She’s hopeful that she can find a buyer to distribute the movie in conjunction with Sony’s release of Tarantino’s “Once Upon a Time in Hollywood,” the Brad Pitt-Leonardo DiCaprio drama that’s opening on July 26.
Wood’s battle began three years ago when she sold worldwide rights to the Weinstein Company in a deal announced at the Cannes Film Festival with Harvey Weinstein’s enthusiastic endorsement.
Harvey and Bob Weinstein began working with Tarantino three decades ago on “Reservoir Dogs” and had partnered with the director on all of his projects — until the company shut down last year in the wake of an onslaught of sexual harassment allegations against Harvey Weinstein.
Wood said production meetings with TWC on the project stopped in October 2016, and the company was uncommunicative after that. When the sexual harassment scandal broke, Wood asked TWC to give her back the distribution rights “to allow the project to be handled with the care and consideration it, Mr. Tarantino, and all the participants deserve.”
The company refused, and TWC filed for bankruptcy in March 2018. The bankruptcy court dealt with hundreds of titles, but did not respond to Wood’s attempts to reclaim the rights. In July, Lantern Entertainment bought the TWC assets, and pulled the documentary out of the TWC sale in September. The bankruptcy court granted Wood the rights back in November.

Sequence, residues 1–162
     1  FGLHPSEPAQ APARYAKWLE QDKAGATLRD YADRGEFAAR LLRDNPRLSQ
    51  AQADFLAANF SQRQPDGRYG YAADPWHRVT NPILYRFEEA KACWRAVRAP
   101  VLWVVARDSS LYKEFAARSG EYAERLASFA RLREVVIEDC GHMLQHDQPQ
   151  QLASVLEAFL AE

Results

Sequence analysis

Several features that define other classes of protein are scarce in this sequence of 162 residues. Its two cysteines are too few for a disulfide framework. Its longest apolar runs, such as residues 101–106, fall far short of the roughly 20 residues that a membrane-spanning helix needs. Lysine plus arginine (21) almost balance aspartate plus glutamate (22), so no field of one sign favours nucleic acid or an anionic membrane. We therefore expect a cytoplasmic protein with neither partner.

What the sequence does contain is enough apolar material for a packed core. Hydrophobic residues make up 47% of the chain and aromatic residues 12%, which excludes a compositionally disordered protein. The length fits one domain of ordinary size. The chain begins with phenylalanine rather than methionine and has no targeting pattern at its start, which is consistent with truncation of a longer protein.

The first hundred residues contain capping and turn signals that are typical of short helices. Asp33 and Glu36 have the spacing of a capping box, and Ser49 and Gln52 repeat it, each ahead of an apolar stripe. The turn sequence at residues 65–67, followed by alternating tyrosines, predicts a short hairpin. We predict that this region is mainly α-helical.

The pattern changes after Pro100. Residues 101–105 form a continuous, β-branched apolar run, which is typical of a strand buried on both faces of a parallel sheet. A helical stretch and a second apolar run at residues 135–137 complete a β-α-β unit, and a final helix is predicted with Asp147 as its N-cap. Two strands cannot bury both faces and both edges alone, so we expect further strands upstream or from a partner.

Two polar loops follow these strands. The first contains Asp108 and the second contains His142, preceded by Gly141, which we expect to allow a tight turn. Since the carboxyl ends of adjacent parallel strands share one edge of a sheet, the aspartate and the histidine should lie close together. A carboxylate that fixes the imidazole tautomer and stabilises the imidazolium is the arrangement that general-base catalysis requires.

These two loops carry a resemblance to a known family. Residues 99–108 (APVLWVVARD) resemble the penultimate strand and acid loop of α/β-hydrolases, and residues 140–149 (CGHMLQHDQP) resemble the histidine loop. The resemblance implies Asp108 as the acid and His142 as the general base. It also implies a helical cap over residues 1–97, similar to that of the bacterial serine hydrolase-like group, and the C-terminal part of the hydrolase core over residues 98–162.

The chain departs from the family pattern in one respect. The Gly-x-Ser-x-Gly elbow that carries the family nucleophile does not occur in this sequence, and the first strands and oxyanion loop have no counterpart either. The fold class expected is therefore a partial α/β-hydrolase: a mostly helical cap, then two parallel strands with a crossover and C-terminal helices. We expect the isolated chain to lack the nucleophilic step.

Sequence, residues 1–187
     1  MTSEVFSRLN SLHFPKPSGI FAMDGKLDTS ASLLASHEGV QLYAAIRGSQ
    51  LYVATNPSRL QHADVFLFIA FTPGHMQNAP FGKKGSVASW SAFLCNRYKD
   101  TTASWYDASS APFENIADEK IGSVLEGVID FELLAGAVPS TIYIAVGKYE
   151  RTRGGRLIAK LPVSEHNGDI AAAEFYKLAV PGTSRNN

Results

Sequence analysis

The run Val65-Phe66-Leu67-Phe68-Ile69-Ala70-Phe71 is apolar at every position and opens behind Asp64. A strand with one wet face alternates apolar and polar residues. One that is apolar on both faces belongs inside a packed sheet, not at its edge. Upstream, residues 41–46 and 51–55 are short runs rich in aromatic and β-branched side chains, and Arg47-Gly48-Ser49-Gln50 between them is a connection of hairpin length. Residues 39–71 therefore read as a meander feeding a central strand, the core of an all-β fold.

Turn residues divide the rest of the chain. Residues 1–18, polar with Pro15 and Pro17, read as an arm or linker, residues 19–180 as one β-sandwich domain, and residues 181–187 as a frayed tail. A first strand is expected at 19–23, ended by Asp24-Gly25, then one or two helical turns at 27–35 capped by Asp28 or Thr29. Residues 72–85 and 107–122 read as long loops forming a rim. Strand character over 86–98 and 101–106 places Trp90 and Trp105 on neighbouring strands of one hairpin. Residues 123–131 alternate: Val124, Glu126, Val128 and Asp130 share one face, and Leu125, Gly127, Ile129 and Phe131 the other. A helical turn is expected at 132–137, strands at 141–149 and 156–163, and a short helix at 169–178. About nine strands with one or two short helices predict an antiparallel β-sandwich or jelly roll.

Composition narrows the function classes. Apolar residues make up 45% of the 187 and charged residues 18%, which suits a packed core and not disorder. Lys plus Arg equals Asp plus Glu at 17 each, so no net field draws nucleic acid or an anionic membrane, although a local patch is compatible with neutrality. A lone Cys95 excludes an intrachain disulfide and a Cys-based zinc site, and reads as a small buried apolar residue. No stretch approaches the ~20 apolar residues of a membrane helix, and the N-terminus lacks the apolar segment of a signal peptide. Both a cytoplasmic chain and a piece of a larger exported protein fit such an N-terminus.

“We are thrilled, and eager to conduct our final interviews and complete the documentary, free from Harvey Weinstein and his complicit cohorts,” Wood said in a statement. “We look forward to finding a new distribution partner, timed with the July 2019 release of Quentin’s next film, ‘Once Upon a Time in Hollywood.'”
The movie examines the first 21 years of Tarantino’s career and includes interviews with frequent collaborators, including Samuel L. Jackson, John Travolta, Christoph Waltz, Jennifer Jason Leigh, Jamie Foxx, Eli Roth, Diane Kruger, and Kerry Washington. Wood also directed the documentary “21 Years: Richard Linklater.” Both films draw upon the idea that the first 21 years of work define an artist’s career.
Tarantino’s first film was 1992’s “Reservoir Dogs.” His body of work includes “Pulp Fiction,” “Jackie Brown,” the two “Kill Bill” movies, “Inglourious Basterds,” “Django Unchained,” and “The Hateful Eight.” “Django Unchained” was the highest grosser, making $425 million worldwide. Tarantino won Oscars for the “Pulp Fiction” and “Django Unchained” screenplays, and was nominated for directing “Pulp Fiction,” and writing and directing “Inglourious Basterds.”
“This project has always been in honor of Mr. Tarantino’s career, and as a woman, creator, and protector of that vision, I am grateful to have it back in caring, respectful hands,” Wood said.